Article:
Time complexity of ‹extend›
Introduction
Each year there is a lot of confusion regarding time complexity of the extend
operation on the lists in Python. I will introduce two specific examples from previous year and also will try to explain it on one of the possible implementations of extend
operation.
Technicalities
At the beginning we should clear some of the “myths” regarding extending of the lists. There is a common misunderstanding regarding differences between a += b
, a.extend(b)
and a + b
.

a.extend(b)
 adds all elements fromb
toa
.Time complexity: $\mathcal{O}(n)$, where $n$ denotes the length of
b
. 
a += b
 equivalent toa.extend(b)

a + b
 constructs a new list that contains elements froma
followed by elements fromb
.Time complexity: $\mathcal{O}(m + n)$, where $m, n$ denote the length of
a
andb
respectively.Space complexity: $\mathcal{O}(m + n)$, where $m, n$ denote the length of
a
andb
respectively, since we construct new list.
Example #1
Let us assume function that uses divide & conquer strategy to return indices at which we can find specific element in any list.
def recursive_find_in_list(
values: List[Any], key: Any, lower: int, upper: int
) > List[int]:
if lower == upper:
return [lower] if values[lower] == key else []
indices = []
mid = (lower + upper) // 2
indices.extend(recursive_find_in_list(values, key, lower, mid))
indices.extend(recursive_find_in_list(values, key, mid + 1, upper))
return indices
def find_in_list(values: List[Any], key: Any) > List[int]:
return recursive_find_in_list(values, key, 0, len(values)  1)
This implementation works nicely, extend
is linear (with the respect to the length of the list that is being appended).
Let us try to dissect the way this function works on some specific input (that will be pushed to the extreme, just in case ;)
find_in_list([1] * 5000, 1)
. What shall be the result of this? Since we have key = 1
and the list contains only 1
s, we should get list of all indices.
If we were to draw a tree of call hierarchy of recursive_find_in_list
, we would notice that in sum it is still linear to the length. However we use extend
!
In the leaves of the tree we return lists of length 1. In this case it means calling extend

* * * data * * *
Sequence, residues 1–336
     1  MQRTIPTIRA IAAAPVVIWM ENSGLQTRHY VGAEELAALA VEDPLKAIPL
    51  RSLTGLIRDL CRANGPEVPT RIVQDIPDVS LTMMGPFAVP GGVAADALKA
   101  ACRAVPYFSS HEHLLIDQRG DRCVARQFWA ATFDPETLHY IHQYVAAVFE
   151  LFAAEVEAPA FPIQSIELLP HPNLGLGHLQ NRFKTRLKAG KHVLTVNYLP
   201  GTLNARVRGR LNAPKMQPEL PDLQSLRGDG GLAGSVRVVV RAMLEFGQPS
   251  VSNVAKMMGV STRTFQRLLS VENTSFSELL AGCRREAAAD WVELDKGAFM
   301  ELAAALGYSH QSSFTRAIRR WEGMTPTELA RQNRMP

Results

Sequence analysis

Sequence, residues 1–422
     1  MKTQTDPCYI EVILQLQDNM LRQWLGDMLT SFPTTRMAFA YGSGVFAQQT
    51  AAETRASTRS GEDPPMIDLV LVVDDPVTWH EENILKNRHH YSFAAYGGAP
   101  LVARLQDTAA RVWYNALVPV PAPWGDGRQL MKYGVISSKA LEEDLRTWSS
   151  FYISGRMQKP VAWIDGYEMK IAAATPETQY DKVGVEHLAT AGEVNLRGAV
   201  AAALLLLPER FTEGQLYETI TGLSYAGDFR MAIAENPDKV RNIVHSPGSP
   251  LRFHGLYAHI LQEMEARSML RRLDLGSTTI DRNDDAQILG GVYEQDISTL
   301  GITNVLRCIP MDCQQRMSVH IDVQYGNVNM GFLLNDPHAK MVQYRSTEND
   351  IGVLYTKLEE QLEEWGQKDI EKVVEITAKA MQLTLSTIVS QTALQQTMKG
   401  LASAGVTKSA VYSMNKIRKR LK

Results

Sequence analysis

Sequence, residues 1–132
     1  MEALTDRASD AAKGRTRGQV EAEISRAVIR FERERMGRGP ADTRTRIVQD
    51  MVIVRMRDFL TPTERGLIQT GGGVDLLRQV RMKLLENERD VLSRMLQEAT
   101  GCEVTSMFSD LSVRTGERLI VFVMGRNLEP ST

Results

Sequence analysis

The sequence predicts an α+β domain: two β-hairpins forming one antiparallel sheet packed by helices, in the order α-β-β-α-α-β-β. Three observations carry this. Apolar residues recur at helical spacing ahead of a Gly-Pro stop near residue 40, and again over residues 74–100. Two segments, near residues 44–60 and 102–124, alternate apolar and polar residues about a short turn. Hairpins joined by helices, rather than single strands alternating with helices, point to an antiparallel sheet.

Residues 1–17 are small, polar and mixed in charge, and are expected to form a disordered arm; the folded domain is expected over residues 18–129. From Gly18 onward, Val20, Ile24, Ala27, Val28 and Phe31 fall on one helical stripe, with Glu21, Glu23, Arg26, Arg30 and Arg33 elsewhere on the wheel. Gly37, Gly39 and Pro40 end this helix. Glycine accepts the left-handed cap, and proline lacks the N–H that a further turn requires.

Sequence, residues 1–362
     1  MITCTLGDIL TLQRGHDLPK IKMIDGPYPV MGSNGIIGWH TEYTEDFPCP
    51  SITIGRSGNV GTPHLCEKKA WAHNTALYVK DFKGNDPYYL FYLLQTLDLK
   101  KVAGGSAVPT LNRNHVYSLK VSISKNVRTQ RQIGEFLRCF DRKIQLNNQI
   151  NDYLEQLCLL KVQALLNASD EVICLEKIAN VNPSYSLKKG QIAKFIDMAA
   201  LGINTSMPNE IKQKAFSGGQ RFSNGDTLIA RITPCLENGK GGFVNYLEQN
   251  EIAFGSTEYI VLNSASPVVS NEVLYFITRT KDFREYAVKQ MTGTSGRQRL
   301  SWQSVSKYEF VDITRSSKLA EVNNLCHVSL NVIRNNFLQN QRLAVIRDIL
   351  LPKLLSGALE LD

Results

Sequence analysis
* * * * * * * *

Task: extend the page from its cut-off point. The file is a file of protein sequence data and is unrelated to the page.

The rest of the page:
5000times at the secondtolast level of the tree on the 1element long lists, next level 2500 calls on 2elements long lists, next one 1250 on 4elements long lists, etc. At the toplevel we get 2 calls on 5000/2element long lists.
A lot of extend
calls, right? And the lengths of the lists are growing (in this example, second call happens on 2500elements long lists).
Because of the extend
in each level of the tree (call hierarchy) we traverse all of the elements. That means:
because we have $\log n$ levels in the tree and $n$ elements at each level.
Example #2
As we could observe in the example above, extend
iterates over all of the elements that it adds. In case of recursive calls, it results in iterating over the same elements multiple times.
Consider constructing of this list:
Let us assume that you extend the result with the list that you get from the recursive call.

B iterates through 1, 2 and 3; returns
[1, 2, 3]

C iterates through 4, 5 and 6; returns
[4, 5, 6]

D iterates through 7, 8 and 9; returns
[7, 8, 9]

now we return those lists to the calls from A), so each of the
extend
calls iterates through: 1, 2, 3 that was returned from B
 4, 5, 6 that was returned from C
 7, 8, 9 that was returned from D
and returns
[1, 2, 3, 4, 5, 6, 7, 8, 9]
If the recursion had bigger depth and/or more elements, it would iterate through them more than twice, therefore it does not take constant time to do nor some constant multiple of the input, since it traverses all of the elements in each of the levels.
Implementation of extend
There is an example of dynamic array:
For the sake of Algorithms and Data Structures I we consider APPEND
operation, i.e. adding the element to the end of the list, to have time complexity $\mathcal{O}(1)$ (amortized; which is out of the scope of IB002).
If we have a look at the extend
implementation in this dynamic array example:
void dynamic_array_extend(struct dynamic_array_t *arr, struct dynamic_array_t *src)
{
if (arr == NULL  src == NULL)
{
return;
}
for (size_t i = 0; i < src>count; i++)
{
dynamic_array_push_back(arr, dynamic_array_at(src, i));
}
}
Apart from checking edge cases, we can notice that we run for
loop over the elements from the other array and add them onebyone to the arr
. Time complexity of this operation is time dependant on the src
array.
In this specific implementation, you could also resize the memory allocated for the array in one go and copy whole src
array in one go. However even if you did so, it would be still dependant on the size of the src
array. Cause you still need to copy $\texttt{count}(src) \cdot \texttt{elementSize}(src)$ bytes. From that we can assume that for specific instance of array the $\texttt{elementSize}(src)$ is fixed, therefore we consider it a constant. That way we are getting $\mathcal{O}(\texttt{count}(src))$ as a time complexity of our extend
operation.